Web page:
Following Cornwall’s successful application during 2006 to become recognised and listed as a World Heritage Site by UNESCO, the Trevarno Estate has been selected as an official World Heritage Site visitor attraction.

For more information about events see their website www.trevarno.co.uk.

Trewithen Gardens

An historic private estate boasting one of the loveliest gardens in England.

It has a magnificent collection of camellias, rhododendrons and magnolias, it has wonderful woodland walks and a heritage family home.

For more information about events see their website www.trewithengardens.co.uk.

Mount Edgcumbe Gardens

One of only three Grade I listed gardens in Cornwall and the Isles of Scilly and the only one open to the public all year round.

It has over 7 acres of beautifully maintained gardens set in the dramatic landscape of the Rame Peninsula on the 865 acre estate.

For more information about events see their website www.mountedgcumbe.gov.uk.

Lamorran House Gardens

Lamorran is said to be the most northerly Palm Garden in the world having over 35 species of palms with over 200 specimens.

The Garden is laid out in Mediterranean style with many streams, bridges and water features.

For more information about events see their website www.lamorrangarden.co.uk.

Bonython Estate Gardens

Situated on the Lizard Peninsula, the Gardens have been recently remodeled.  They include a contemporary water feature around the delightful Georgian Manor, an eighteenth century Walled Garden with colour-themed herbaceous borders, a Potager with picking flowers and ornamental vegetables and Orchard filled with Cornish apple trees, through parkland to a series of small lakes in a sheltered valley.

For more information about events see their website www.bonythonmanor.co.uk.

Tresco Abbey Garden

Located on the Isles of Scilly, the Garden has plants from five different continents under the influence of a Mediterranean and maritime climate.

Day trips are available by sea and by helicopter from Penzance and the gardens are open all year round.

For more information about events see their website www.tresco.co.uk.

Japanese Garden

Located near Newquay. The Japanese Garden & Bonsai Nursery is an authentic Japanese garden with many of the traditional features. Not a large garden but an enjoyable change of pace.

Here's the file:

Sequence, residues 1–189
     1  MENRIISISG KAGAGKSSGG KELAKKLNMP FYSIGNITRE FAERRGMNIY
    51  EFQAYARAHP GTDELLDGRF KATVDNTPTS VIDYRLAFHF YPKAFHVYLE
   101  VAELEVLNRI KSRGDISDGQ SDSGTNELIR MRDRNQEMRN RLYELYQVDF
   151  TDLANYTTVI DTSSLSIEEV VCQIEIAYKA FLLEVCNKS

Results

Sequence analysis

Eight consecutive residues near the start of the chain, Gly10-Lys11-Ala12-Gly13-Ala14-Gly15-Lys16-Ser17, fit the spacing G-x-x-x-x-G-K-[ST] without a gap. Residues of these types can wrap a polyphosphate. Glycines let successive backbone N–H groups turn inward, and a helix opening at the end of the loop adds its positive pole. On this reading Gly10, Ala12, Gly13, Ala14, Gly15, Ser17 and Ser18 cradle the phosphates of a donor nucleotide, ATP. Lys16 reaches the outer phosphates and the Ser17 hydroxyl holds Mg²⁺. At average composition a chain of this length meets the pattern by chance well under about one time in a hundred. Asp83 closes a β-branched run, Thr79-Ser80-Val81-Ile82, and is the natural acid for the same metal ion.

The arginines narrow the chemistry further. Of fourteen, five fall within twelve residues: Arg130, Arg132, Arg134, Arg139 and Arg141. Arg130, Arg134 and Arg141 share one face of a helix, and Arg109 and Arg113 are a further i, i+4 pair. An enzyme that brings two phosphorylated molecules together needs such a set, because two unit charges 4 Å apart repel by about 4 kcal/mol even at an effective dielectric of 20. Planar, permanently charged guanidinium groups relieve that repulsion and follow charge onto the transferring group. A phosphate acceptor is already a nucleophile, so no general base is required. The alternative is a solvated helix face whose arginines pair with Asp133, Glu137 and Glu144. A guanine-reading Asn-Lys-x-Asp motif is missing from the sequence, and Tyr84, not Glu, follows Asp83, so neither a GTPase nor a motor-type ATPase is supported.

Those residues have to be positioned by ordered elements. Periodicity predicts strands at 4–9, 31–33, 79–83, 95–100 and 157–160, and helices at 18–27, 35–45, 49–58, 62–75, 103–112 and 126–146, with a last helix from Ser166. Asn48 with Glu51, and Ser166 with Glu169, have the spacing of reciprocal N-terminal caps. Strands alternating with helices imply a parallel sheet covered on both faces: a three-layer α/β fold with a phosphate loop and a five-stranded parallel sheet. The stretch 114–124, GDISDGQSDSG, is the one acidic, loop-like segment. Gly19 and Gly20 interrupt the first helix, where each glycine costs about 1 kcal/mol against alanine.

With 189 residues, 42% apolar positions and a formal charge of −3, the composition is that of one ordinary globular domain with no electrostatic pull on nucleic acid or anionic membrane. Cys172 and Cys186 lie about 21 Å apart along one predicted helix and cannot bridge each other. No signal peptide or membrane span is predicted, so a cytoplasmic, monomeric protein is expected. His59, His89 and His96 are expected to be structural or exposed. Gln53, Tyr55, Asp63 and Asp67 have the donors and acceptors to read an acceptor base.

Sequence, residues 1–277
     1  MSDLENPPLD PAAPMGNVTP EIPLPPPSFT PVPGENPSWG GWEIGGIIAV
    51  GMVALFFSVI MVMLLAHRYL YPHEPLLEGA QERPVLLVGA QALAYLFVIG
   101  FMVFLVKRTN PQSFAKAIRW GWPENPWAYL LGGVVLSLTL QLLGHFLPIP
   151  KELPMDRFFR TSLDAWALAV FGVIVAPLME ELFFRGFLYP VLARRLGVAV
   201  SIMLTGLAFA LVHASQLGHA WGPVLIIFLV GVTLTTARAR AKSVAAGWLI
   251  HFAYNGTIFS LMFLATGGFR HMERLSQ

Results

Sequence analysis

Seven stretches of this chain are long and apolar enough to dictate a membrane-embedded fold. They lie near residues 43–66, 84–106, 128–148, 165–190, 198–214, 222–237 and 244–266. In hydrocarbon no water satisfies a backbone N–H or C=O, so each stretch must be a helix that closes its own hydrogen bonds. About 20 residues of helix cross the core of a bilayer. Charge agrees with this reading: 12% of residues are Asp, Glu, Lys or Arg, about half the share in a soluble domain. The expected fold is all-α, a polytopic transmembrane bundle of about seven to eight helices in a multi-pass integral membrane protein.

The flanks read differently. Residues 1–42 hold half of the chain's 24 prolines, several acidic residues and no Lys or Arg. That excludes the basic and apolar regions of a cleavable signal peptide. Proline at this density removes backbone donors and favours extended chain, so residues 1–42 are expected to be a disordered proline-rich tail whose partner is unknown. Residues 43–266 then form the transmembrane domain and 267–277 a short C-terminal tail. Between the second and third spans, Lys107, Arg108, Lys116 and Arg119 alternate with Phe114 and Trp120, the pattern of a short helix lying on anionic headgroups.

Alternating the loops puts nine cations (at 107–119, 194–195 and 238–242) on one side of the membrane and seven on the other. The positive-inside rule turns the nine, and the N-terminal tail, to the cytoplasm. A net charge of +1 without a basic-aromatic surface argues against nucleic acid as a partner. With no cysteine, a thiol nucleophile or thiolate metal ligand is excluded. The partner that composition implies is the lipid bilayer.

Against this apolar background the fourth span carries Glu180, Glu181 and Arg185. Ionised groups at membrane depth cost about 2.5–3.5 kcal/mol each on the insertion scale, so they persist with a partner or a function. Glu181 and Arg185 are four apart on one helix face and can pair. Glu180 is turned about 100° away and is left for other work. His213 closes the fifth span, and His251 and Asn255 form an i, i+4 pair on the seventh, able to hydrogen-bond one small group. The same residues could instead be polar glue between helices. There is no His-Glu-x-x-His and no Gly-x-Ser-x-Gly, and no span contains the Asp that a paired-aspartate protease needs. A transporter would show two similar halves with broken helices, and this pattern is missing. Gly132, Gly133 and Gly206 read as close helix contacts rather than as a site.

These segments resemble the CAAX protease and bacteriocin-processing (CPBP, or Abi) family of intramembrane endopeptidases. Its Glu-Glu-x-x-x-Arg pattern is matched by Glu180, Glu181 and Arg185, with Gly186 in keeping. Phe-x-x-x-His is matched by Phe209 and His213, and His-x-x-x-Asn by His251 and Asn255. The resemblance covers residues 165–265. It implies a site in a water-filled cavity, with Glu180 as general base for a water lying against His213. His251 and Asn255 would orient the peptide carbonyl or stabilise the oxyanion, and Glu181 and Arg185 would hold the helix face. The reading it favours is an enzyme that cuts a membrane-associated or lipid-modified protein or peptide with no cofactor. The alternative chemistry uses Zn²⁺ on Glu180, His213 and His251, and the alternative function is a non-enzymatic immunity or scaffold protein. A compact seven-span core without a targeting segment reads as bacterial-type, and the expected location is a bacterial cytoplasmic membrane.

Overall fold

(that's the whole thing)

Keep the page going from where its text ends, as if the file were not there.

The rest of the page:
For more information about events see their website www.thebonsainursery.com.

Trelissick Garden

Trellissick National Trust. South of Truro so about an hour and a half, or for a change of pace take the ferryboat from Truro or Falmouth. You walk the steep path from the river jetty and enjoy parkland and gardens with views up the River Fal to Carrick Roads

For more information about events see their website www.nationaltrust.org.uk/trelissick.

Say cheers to beer on Britain's annual national beer day!

Hello Beer Lovers – welcome to Britain’s national beer day held annually on June 15th. Please join us to celebrate Britain’s national alcoholic drink and help us spread beery love throughout the land.

This year (2017), we are working with the national beer organisation ‘There’s a Beer For That’ to extend Beer Day Britain into a long weekend called ‘Say Cheers To Beer’ ending on Father’s Day June 18th.  Pub companies and brewers across the land have signed up to host a variety of beer related events in their pubs and breweries.   Discover which pubs and breweries are hosting events by downloading the free smart phone app Wotzon.

National Cheers To Beer

Please join us by raising a glass of beer and saying ‘Cheers to Beer’ on June 15th at 7pm (19.00) and post a message and photo on social media with the hashtag #CheersToBeer so we can trend on Twitter as was done in previous years.

Why is Beer Day Britain on June 15th?

Beer Day Britain is on June 15th and that is also the date Magna Carta was sealed in 1215. Article 35 of the great charter stated:

Let there be throughout our kingdom a single measure for wine and a single measure for ale and a single measure for corn, namely the London quarter.

Ale was so important in England in 1215 that it was mentioned in one of the most significant legal documents in history. Today beer and pubs are still central to British life.

Poldark Series 3 hits the screens this weekend

Poldark’s third series hits screens this weekend, and as before, most of the action of the beloved BBC drama takes place against the backdrop of Cornwall’s breathtaking coastline and moors.  From historic mines being used for Ross’s struggling business to sandy beaches used as a backdrop for Demelza, the popular drama showcases Cornwall’s spectacular landscape.